4. I am the only employee at my workspace. It's just me. I am the only employee of the company in the entire state. So if one of my coworkers wants to call out or roll in late, it doesn't affect me. Because they're in another state. I have no employees working under me, that I am desperately, nervously counting on to show up to get us through another day of serving the hungry people of West Hollywood. None of that nonsense anymore. I don't have to depend on anyone but myself. You have no idea how much stress that takes out of my daily life.

5. My work is warm. It's so warm and cozy. I was super scared that a cold workplace would be the thing to do me in. My apartment is plenty warm, I'm totally good outside--but I had no idea if I would be cold at work, especially because the space is so huge. But in fact, it's so warm that a sweater is almost too much to wear. Which means I can start wearing regular shirts and pants and not have to be crazy overdressed neck to toe in wool. I am very happy about this.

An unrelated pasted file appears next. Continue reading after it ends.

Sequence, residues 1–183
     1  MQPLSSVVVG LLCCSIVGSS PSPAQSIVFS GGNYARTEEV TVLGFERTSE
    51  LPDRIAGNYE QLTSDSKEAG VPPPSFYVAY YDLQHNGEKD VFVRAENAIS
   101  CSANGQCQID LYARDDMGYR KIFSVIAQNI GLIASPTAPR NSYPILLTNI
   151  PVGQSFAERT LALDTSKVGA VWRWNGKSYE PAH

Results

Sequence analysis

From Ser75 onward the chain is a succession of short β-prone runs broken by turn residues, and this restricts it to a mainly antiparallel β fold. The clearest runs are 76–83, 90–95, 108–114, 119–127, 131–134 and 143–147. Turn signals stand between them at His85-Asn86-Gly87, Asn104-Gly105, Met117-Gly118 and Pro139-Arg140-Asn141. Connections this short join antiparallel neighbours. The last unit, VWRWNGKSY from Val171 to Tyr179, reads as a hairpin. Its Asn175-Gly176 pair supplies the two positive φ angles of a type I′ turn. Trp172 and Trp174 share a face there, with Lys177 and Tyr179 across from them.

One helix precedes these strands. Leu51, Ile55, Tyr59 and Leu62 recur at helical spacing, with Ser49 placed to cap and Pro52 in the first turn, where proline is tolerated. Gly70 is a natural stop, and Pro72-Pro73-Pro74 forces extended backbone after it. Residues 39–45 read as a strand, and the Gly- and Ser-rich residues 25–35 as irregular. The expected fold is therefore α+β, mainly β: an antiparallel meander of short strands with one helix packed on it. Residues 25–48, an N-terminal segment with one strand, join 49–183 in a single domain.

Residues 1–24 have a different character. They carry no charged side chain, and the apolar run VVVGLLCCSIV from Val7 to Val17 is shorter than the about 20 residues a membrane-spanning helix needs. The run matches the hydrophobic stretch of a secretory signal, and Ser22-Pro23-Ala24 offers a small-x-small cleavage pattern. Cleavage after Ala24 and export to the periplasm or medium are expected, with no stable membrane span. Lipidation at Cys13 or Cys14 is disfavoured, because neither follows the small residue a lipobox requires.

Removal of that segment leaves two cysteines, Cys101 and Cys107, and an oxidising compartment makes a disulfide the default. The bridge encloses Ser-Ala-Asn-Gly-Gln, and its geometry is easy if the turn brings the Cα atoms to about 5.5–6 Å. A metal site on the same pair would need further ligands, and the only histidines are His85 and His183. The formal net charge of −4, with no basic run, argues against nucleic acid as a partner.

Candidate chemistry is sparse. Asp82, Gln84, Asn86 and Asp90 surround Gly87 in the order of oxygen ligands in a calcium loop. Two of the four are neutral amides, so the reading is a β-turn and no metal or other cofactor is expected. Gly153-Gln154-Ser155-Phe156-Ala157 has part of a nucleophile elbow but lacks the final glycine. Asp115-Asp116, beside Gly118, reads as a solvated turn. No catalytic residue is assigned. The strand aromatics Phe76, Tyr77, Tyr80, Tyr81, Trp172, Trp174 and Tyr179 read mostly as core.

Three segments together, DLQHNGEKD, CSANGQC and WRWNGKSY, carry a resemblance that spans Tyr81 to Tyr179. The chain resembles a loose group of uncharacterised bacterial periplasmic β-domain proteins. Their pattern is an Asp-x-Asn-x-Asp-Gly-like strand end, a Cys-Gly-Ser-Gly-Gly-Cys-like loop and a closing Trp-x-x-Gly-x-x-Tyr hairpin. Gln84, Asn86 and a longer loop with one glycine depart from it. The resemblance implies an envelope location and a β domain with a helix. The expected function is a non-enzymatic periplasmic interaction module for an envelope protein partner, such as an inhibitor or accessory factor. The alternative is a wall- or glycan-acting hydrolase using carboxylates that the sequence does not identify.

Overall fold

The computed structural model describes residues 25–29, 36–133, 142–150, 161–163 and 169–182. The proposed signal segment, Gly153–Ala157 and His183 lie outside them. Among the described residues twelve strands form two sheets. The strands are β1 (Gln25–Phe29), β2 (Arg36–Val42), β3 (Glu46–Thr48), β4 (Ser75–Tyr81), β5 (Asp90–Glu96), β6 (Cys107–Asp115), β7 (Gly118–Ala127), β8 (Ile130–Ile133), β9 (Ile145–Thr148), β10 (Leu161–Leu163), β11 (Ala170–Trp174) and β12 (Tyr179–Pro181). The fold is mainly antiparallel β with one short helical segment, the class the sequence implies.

6. So far, the employees I've met from the client company are absolutely awesome. I've met the CEO, the founder, the assistant to the CEO, the head of sales, and the head engineer. Basically the top execs have been coming into the space to start getting ready for the rest of the company to roll in after the new year. And they are the nicest, most down to earth people ever. In fact tonight the founder and some of the others had a holiday zoom and they invited me down to have a drink with them and meet some of their team over the call. (I did not drink, and only popped down for a minute.) They're the kind of people who if you're just real and authentic and have a good personality, they will embrace you right away. That being said, my boss let me know that they are one of the top two accounts for all of the company, across all locations in the US. I cannot fuck this up.

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There have been some other general surprises about Chicago: